There may be a slight delay in processing orders due to a high volume of orders.
Please note that the items "Maori" carded wool and Fluffy yarn are being replenished but the high demand for it is making production times longer than usual.
We´re doing our best to keep the wait to a minimum.
Thanks for your patience!

Natural dyes: 10 gold rules to dye

Dyeing with natural dyes never seemed to be easy

If you follow Paola Barzanò’s advice on natural dyes, a well-known scholar in this field and our special consultant, each and everyone can manage to get great results.

Take note!

Before you start to dye with natural dyes it is very important to have a notebook for dyeing recipes at hand, where you can write them with order and precision.

Also we suggest you to have a pair of rubber gloves and an apron to protect you.

Please note that natural dyes (unlike synthetic ones) only dye natural materials.

The 10 gold rules are the following:

  • For dye bath with natural dyes we recommend you to use large stainless steel or enamel pots (capacity 25/35 liters).
  • The quality of water is of great importance. Avoid hard water. The best results are  guaranteed by using rain water or purified water, especially when dyeing cellulose fibers.
  • Weigh the dry material you want to be dyed. The weighing is essential in order to calculate the weight of the mordant and the natural dyes to be used for every dye bath.
  • Rinse with water and neutral soap. We suggest you to add a tablespoon of baking soda for cellulose fabrics (such as cotton, linen, canopy, bamboo, ramie…).
  • Prepare the water for your dye bath in a large pot: you have to calculate a 20 to 1 ratio between the water volume and the weight of the material you wish to dye. For example,  if you want to dye 100g of fabric you need 2 liters water.
  • Wet the material before adding it  to the mordant and the dye bath.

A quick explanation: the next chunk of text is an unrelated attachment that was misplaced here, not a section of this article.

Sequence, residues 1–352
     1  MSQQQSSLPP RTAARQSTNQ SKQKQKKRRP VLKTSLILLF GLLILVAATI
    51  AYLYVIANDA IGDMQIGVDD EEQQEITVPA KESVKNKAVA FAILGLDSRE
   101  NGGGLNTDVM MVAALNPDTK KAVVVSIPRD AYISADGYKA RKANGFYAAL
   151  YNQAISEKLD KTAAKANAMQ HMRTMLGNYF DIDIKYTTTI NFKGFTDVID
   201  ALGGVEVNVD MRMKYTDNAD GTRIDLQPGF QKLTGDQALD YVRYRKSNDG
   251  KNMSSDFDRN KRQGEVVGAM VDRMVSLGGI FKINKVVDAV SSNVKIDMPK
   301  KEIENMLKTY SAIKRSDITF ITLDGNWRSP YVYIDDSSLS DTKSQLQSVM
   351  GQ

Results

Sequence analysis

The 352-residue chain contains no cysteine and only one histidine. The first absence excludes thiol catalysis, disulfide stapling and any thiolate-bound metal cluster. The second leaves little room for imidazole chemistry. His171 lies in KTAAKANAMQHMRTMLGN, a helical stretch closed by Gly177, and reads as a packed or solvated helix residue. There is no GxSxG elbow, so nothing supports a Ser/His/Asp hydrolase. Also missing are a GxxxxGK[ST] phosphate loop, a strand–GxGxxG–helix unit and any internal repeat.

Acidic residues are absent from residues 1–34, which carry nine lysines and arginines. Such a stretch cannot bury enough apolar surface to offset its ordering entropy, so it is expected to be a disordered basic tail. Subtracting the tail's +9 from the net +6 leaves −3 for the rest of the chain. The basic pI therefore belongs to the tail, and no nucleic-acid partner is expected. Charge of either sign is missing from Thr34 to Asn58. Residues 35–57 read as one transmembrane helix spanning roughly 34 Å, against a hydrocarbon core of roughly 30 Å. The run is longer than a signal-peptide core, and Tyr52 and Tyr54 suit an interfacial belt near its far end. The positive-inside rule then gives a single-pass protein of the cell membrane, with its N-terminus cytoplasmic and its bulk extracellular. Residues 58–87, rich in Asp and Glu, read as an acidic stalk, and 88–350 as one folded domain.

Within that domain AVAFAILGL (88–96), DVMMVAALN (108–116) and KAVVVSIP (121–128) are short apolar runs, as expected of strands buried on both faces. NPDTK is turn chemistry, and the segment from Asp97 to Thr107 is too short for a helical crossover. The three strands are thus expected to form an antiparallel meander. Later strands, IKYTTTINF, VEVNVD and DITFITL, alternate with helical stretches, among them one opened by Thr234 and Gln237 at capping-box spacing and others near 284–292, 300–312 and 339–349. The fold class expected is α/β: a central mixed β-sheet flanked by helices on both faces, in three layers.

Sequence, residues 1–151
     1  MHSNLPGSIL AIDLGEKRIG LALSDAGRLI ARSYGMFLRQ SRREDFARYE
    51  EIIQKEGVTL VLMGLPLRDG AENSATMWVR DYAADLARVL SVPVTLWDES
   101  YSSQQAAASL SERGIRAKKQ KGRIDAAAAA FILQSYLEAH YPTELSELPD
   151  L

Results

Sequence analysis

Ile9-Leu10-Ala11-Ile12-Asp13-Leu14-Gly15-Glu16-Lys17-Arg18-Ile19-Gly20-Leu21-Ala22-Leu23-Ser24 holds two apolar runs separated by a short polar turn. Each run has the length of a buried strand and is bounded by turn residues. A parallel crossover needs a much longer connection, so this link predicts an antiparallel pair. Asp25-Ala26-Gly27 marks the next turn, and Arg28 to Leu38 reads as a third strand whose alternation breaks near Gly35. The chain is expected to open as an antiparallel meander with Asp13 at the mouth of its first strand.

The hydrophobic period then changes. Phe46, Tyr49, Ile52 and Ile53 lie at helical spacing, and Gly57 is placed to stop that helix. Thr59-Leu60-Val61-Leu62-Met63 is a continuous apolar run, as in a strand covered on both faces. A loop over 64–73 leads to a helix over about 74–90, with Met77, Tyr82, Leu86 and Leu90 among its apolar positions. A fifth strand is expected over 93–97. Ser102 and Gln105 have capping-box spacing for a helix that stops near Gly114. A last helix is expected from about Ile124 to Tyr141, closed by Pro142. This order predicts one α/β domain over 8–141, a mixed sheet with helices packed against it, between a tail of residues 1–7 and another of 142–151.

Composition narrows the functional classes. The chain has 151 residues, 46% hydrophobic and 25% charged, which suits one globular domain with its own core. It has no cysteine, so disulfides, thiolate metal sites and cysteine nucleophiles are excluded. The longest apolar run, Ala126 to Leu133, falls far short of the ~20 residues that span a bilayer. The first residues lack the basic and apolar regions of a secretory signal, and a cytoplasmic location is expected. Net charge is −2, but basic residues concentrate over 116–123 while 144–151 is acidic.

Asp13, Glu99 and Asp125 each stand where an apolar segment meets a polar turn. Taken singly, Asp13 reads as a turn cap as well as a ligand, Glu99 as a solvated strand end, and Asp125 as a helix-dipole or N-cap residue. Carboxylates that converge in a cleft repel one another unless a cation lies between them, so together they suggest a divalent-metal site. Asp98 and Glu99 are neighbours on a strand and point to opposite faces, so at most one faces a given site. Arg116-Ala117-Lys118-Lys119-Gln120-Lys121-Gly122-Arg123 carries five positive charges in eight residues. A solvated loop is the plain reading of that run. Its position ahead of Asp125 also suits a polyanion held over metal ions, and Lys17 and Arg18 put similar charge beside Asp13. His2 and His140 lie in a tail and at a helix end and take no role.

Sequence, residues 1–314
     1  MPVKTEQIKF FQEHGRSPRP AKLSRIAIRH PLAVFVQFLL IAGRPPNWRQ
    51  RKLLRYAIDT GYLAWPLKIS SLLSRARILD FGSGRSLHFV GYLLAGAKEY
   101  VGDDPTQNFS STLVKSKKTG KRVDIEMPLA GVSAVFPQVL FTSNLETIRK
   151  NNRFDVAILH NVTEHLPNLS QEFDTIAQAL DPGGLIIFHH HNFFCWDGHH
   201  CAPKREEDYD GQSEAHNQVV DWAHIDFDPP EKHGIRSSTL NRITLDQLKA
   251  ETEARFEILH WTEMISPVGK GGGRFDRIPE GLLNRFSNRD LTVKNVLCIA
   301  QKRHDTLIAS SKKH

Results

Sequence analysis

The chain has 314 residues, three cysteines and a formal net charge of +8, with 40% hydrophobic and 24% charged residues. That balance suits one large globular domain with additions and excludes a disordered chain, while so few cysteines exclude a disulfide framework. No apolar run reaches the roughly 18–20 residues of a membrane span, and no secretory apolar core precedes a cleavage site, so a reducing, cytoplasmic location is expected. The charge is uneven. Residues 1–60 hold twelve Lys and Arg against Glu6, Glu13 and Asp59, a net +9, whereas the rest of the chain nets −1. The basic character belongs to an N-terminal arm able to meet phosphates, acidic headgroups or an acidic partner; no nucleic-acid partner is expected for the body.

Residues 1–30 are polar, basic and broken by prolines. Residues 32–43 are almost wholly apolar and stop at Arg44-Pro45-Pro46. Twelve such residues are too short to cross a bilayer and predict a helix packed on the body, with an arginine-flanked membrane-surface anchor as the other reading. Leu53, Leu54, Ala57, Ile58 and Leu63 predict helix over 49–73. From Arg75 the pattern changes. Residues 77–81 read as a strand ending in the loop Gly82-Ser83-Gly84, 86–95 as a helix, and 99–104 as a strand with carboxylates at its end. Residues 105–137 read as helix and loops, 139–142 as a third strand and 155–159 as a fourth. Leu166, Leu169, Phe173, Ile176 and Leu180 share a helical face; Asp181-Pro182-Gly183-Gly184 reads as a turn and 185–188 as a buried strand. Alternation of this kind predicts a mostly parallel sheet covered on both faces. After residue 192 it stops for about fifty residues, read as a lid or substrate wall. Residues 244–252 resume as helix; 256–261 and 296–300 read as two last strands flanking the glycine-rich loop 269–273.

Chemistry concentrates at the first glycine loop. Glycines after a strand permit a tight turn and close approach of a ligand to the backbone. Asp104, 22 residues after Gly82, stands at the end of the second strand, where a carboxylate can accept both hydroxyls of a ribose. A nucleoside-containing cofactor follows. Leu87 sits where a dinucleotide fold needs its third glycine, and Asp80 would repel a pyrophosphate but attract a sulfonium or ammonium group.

• According to the type of natural dye you have chosen, you need to prepare the material with a mordent bath. This is a very important procedure in order to guarantee shine and  solidity of colour  and it differs from fiber to fiber. Fibers of animal origin (and/or relevant spun yarns and fabrics) have a greater affinity with natural colours and they only need a mordent bath. Vegetal fibers (and relevant spun yarns and fabrics) made of a cellulose base, need a two-phase process with mordent, instead.
140 cm wide Silk Chiffon 6 - Raw Colors
Natural White
1 m € 13,13
2 m € 25,74
5 m € 62,37
140 cm wide Silk Pongee 05 - Raw Color
Natural White
1 m € 13,38
2 m € 26,23
5 m € 63,56
165 cm wide Wool Gauze - Raw Colors
Raw White
1 m € 26,74
2 m € 52,41
5 m € 127,00
Natural Indigo - 75 g
Natural Indigo - gr. 75
1 pc. € 22,21
  • Dissolve natural dyes extract in 1 liter of warm water with an iron tablespoon. Make sure there are no lumps. Then transfer it into a large pot, keeping the bath ratio between the volume of water and the weight of the dry material at 20/1
  • Maintain carefully the temperatures required in the recipes of individual natural dyes in the dye bath.
  • Rinse the material after the dye bath under running water until the water no longer has any trace of color.

Please note that dye baths with natural dyes end up to fade according the type of fiber you have used.

Usually the first dye bath is not consumed at the end of the process, and it still contains the dyeing active ingredients which can be reused for a second dye bath. The second dye bath gives a lighter result. Sometimes it is possible to reuse it for a third bath.

While the results of the first dye bath on fibers (and/or relevant spun yarns and fabrics) are reproducible - if you follow the recipe and take note of all the process with precision – the results you may obtain with the second and third dye bath are not reproducible because we do not know exactly how much colour still remains  after the first bath.

It is always worth reusing the dye bath anyway!

The baths following the first will give you very beautiful colours, unsaturated and with light tones.

Finally, here you have some tips to protect your fibres, yarns and fabrics dyed with natural pigments.

  • Wash at low temperature;
  • Avoid the use of aggressive washing powders, with bleaching agents;
  • Choose liquid, neutral soaps, for delicate fibers;
  • Dry in the shade, not in full sun.

What do you think about it all?

If you liked this article maybe you would also enjoy Mulberry silk laps: Caroline’s experiments.